Why do musicians endorse candidates?
Dave Matthews stumping for Obama at the President's grassroots rally in Aurora this past weekend
There's probably a certain amount of sincerity involved when a famous musician endorses a political candidate. But even the most un-cynical, democracy-loving patriot will have to admit that there's a hell of a lot more to the rock star/candidate public union than just fiscal policy. Endorsing a politician can either be used as an attempt to revive a stagnant career (Meat Loaf/Romney) or to inflate the cultural relevance of a mid-level artist (will.i.am/Obama). But ask the Dixie Chicks or Vincent Gallo: Politics and music can sometimes make bitter bedfellows. So unless they've got nothing to lose (Meat Loaf), entertainers would do themselves a favor to look at the history of this dangerous game and tread lightly when climbing onto the campaign stage.
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More than almost anything, a person's identity is often wrapped up in what kind of music he or she listens to. More than movies, fashion or even wealth, people's cultural anatomy is often informed by what's on their iPod. And this is a goldmine for any politician looking to convince voters that he is just like them, that he sees the world through the same lens as they do and will legislate accordingly. This is why Paul Ryan went out of his way to point out during the GOP convention that "my playlist starts with AC/DC and ends with Zeppelin."
Despite the alphabetical fallaciousness of the statement, Ryan made a safe bet in his choice of bands that night. AC/DC and Led Zeppelin, while perhaps not the ideal face of the Republican Party, are pretty innocuous in 2012. It's probably safe to say that a majority of the audience was, if not hard-core fans of the bands, at least on good terms with them, which probably wouldn't have been the case with the proBama Jay-Z, Nicki Minaj or the Foo Fighters.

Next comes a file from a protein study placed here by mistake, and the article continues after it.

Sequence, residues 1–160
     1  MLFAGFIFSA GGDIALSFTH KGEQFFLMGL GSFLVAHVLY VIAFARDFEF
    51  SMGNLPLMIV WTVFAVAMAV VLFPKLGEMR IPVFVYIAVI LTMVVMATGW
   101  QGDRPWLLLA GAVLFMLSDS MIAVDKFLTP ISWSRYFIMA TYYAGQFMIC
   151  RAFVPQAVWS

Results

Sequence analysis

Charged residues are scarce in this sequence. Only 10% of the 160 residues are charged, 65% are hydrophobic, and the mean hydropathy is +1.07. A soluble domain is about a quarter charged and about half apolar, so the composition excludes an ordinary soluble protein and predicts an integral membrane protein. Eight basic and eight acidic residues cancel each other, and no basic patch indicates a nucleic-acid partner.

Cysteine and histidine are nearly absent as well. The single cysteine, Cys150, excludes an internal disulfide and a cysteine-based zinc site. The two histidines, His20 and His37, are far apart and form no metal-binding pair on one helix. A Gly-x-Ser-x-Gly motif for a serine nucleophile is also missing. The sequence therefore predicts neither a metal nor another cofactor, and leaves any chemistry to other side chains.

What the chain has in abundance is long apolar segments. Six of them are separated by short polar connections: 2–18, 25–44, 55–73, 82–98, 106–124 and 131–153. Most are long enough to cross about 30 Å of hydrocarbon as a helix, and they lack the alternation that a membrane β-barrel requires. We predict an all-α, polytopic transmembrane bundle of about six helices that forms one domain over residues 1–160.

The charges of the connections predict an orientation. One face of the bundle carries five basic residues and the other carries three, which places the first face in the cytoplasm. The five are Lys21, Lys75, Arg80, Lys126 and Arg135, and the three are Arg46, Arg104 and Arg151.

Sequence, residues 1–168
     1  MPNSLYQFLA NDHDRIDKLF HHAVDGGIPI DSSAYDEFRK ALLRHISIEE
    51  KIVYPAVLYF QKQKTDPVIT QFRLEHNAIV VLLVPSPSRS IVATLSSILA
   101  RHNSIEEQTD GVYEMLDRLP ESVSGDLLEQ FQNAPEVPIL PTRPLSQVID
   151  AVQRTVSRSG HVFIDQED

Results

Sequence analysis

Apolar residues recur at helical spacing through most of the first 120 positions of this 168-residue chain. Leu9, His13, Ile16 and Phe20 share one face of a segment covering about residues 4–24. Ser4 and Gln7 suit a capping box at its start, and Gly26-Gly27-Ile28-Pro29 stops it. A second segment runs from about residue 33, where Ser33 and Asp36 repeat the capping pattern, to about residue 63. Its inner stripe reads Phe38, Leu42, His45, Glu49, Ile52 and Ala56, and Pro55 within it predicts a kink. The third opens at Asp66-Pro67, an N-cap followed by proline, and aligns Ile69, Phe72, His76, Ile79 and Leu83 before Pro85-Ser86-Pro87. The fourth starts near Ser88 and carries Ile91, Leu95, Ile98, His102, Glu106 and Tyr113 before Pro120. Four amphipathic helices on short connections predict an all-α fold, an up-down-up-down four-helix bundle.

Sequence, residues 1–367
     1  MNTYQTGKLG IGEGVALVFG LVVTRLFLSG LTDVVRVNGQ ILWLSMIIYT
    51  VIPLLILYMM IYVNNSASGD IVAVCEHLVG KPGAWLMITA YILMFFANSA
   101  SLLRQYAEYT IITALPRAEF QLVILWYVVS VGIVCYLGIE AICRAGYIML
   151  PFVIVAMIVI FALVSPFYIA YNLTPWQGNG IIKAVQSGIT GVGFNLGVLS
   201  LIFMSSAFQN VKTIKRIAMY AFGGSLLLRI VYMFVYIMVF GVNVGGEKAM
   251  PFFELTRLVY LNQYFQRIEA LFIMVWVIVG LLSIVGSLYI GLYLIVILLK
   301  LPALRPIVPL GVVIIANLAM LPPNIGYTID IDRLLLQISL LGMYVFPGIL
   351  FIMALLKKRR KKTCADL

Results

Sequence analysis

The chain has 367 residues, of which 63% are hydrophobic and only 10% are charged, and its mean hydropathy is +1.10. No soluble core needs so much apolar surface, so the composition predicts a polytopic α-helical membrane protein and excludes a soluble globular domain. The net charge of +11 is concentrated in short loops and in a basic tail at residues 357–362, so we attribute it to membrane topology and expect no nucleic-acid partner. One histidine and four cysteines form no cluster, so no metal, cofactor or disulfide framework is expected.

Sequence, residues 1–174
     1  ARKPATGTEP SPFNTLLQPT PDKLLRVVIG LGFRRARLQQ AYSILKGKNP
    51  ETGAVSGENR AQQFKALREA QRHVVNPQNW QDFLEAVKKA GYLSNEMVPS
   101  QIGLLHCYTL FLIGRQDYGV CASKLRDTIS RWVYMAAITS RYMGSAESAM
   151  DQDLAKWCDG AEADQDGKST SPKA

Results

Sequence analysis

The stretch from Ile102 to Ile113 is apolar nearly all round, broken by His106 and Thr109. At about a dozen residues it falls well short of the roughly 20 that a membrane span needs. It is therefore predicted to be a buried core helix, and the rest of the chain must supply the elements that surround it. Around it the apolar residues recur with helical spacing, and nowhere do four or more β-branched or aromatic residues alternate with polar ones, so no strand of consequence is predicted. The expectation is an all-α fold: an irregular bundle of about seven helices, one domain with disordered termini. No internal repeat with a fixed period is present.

When Bruce Springsteen and Jay-Z endorsed the president, it was as unremarkable as when Rodney Atkins endorsed Romney. It made sense for them to do this -- it was an essentially risk-free form of major publicity. If you've made it to Jay-Z's level of success, you most likely have just as much career moxy as any presidential candidate, and therefore you know when casting yourself politically is a good or bad PR move.
But sometimes musicians surprise us. Take punk icon Johnny Ramone, whose love for Zeus-like GOP cowboy Ronald Reagan caused a significant rift in his band. Particularly over the song "Bonzo Goes to Bitburg," which singer Joey Ramone had written as an attack on the Gipper's visit to a German military cemetery that contained SS soldiers.
As a Jew, Joey Ramone was disgusted with the event, and expressed his disdain in the song's lyrics -- though this upset Johnny, who not only collected Nazi paraphernalia (he reportedly kept a picture of Hitler above his fireplace), but felt Reagan was "the greatest president of my lifetime."
Johnny Ramone never cared that, aside from a small fringe movement, almost all fans of the genre he helped create despised right-wing conservatism. Same with filmmaker and musician Vincent Gallo, who considered Ramone his "best friend" -- the two used to attend Rush Limbaugh's early-'90s TV show together, most likely bonding over what it was like to be hipster icons publicly endorsing candidates their audience actively hated.